The special laughter yoga sessions are part of a unique programme of activities at intu Braehead aimed at getting folks smiling again during the January – which can be a time when some people feel down after the festive celebrations.

Marketing manager for intu Braehead, David Lyon said: “Everyone likes a good laugh and it’s a great way to lift your spirits.

“We decided to bring in some laughter yoga instructors and I’m sure people taking part will leave intu Braehead with a smile on their face.”

Along with the laughter yoga sessions, David has listed other things to do at the shopping centre and in Soar at intu Braehead to beat the January blues.

They include ice skating; trampolining; indoor adventure golf; having a go on the Big Slide – the UK’s tallest helter-skelter; catching a movie at the Odeon cinema; ten-pin bowling; watching a Glasgow Clan ice hockey match; indulge yourself in The Little Dessert Shop, or simply spend quality time with family and friends in one of their many cafes, restaurants and bars.

single cover

Lisa has a lot happening in January before she heads off to Holland leave us in peace for a few months.

Her new single No More Time comes out on 31 January, followed shortly after by a video for the song and there is a single launch gig in Paisley at CC’s on 31 January.

lisa and new guitar

The video was funded by a grant from Creative Scotland Time to Shine.

As well as her single launch, its a send off, the last gig in UK until August and an early birthday party as she will be in Holland by time she is 20 on 6th February.

Im obviously keen to get as much attention for it as possible, especially as it has taken her a year to get to a place where she was ready to launch new music to the big bad world. I dont have the final copy of the video yet but will be happy to share it with you and a link to the single once its live.

Its not the Chef funded Paisley song but one she wrote a while back. She is also setting herself the challenge of writing and producing the Paisley song before she heads off. We might get a draft of it at the gig at CCs, Im not sure though.

electric warehouse

No More Time was written about 2 years ago but its release was delayed by Lisa’s mental health break earlier this year. The song is about one of the experiences that contributed to her depression, a very toxic relationship which she took her time to extricate herself from. Its positive though as its celebrating finally being able to make the break.

single cover

Its very unlike her previous material.  Lisa’s first time playing electric guitar on a track and she also produced a lot of it herself which was a major challenge at times but turned out well in the end.

Visit and Like Lisa’s Facebook page to keep informed about upcoming gigs/

Partners at the Bargeddie plant

A unique new contract will see a minimum of 90% of Renfrewshire’s waste transformed into energy as the area meets the Scottish Government’s landfill ban.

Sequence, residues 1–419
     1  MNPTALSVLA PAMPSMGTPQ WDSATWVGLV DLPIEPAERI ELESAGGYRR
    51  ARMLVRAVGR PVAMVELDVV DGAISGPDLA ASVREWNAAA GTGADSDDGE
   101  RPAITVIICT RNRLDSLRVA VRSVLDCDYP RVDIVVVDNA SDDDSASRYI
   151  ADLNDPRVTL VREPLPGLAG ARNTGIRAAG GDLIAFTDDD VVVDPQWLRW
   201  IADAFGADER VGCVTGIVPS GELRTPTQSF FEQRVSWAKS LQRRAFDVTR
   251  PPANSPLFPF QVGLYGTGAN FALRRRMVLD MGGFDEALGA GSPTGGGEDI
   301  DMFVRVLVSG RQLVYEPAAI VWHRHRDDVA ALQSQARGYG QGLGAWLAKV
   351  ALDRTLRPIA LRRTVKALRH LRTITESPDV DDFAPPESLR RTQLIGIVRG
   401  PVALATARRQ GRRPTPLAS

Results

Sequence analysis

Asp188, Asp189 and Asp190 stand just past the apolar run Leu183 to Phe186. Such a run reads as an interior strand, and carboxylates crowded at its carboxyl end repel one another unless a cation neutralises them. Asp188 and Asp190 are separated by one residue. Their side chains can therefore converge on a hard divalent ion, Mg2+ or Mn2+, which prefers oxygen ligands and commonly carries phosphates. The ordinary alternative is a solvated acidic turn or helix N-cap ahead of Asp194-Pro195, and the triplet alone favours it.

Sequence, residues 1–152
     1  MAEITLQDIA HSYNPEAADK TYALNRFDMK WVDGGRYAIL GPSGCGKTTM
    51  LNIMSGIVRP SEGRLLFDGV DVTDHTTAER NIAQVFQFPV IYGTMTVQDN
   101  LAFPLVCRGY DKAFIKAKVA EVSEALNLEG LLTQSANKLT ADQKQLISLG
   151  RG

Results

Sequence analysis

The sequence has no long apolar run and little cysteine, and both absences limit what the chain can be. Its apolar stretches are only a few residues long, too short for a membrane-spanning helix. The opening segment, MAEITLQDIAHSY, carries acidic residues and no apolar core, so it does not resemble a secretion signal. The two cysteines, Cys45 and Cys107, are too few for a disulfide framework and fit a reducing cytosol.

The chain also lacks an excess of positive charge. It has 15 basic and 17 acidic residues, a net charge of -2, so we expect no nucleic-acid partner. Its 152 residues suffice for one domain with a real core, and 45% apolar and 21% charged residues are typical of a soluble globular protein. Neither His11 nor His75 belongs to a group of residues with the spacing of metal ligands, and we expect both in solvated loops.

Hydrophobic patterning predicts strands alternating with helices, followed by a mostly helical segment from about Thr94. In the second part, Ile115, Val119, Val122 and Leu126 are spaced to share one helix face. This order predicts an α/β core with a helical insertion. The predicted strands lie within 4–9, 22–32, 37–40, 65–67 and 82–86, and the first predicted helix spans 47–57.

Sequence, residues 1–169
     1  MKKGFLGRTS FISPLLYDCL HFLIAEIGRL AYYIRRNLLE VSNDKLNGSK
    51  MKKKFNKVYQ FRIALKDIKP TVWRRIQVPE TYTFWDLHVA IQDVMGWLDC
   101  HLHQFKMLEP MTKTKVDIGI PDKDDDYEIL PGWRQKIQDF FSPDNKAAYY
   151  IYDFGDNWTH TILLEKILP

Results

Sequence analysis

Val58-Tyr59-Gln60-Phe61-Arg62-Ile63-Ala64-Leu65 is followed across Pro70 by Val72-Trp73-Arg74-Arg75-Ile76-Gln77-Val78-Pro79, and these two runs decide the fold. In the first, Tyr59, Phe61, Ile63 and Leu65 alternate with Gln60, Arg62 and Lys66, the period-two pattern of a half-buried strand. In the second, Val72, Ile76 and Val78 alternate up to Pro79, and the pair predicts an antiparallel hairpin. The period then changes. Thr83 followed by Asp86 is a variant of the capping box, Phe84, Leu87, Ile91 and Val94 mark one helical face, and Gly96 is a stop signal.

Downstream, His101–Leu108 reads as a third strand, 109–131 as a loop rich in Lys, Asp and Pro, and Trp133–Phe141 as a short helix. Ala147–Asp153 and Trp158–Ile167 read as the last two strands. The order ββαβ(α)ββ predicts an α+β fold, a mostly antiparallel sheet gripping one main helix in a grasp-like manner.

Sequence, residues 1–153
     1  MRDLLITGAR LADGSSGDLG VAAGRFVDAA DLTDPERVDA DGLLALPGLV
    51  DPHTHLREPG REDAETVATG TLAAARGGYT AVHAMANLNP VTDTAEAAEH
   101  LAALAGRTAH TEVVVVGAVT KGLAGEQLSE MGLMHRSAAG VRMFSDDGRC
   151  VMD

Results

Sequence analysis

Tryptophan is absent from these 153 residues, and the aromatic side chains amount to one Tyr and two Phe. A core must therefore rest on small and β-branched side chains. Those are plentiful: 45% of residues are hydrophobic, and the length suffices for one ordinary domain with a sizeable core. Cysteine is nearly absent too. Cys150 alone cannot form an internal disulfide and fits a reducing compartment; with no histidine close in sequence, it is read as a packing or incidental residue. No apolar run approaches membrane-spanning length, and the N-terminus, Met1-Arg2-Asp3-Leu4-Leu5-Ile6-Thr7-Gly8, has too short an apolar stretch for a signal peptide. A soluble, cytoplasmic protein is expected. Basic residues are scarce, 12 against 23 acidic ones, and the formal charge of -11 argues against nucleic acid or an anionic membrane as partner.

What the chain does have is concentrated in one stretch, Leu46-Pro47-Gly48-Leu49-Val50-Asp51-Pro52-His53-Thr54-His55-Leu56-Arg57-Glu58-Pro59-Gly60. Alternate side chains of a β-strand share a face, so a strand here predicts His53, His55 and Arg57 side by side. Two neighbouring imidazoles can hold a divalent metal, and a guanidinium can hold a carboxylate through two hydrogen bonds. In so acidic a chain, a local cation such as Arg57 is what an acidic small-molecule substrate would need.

Partners at the Bargeddie plant

The £700 million, 25-year Clyde Valley Residual Waste Project between East Dunbartonshire, East Renfrewshire, North Ayrshire, North Lanarkshire and Renfrewshire Council and Viridor is now underway and will serve almost one-sixth of Scotland’s population.

It will see up to 190,000 tonnes of general waste diverted from landfill and converted to low-carbon energy and is expected provide a net saving of almost 50,000 tonnes of CO2e every year.

It will also deliver a guaranteed minimum increase in recycling for Renfrewshire, further enhancing the area’s growing environmental prospects having seen its recycling rate improve every quarter since December 2018.

Councillor Cathy McEwan, Convener of Renfrewshire Council’s Infrastructure, Land and Environment Policy Board, said: “A key priority of the council is tackling climate change and this project will make a significant difference to the level of C02 we produce by improving the way we deal with our waste.

“Anything that cannot be recycled will now no longer go to landfill and will be transformed into energy instead, making a real difference to our environment and taking our commitment to recycling to a new level.

“Our teams have been working hard over the last decade to make this a reality and we’re looking forward to working with our partnership authorities to ensure that the project achieves the environmental aims it sets out.”

This is the first partnership of its kind in Scotland and will see household waste taken from Renfrewshire and the other local authorities to a Materials Recovery Facility, where it will be further separated to remove recyclable materials before it is treated to produce a refuse derived fuel.

Then, at the brand-new Energy Recover Facility at Dunbar, it is burned at high temperatures, under carefully controlled conditions to produce 258GWh of low-carbon electricity for the national grid – enough to power more than 70,000 homes.

Steven Don, Viridor’s Head of Local Authority Contracts Scotland, said: “The Bargeddie Hub is now receiving waste as part of this contract just in time for the very busy post-festive season period.

“The Clyde Valley Partnership is an excellent example of how local authorities can work together to deliver effective waste management and contribute to a circular economy in Scotland.

“The sophisticated technology at Bargeddie improves recycling and non-recyclable waste treatment, maximising the opportunities to recycle while putting non-recyclable waste to work to generate electricity.”

The contract will also see Viridor deliver a number of community benefits, including annual apprenticeships, educational school visits and training workshops for businesses.

For more information on Renfrewshire’s approach to waste and recycling, visit www.renfrewshire.gov.uk/mybins.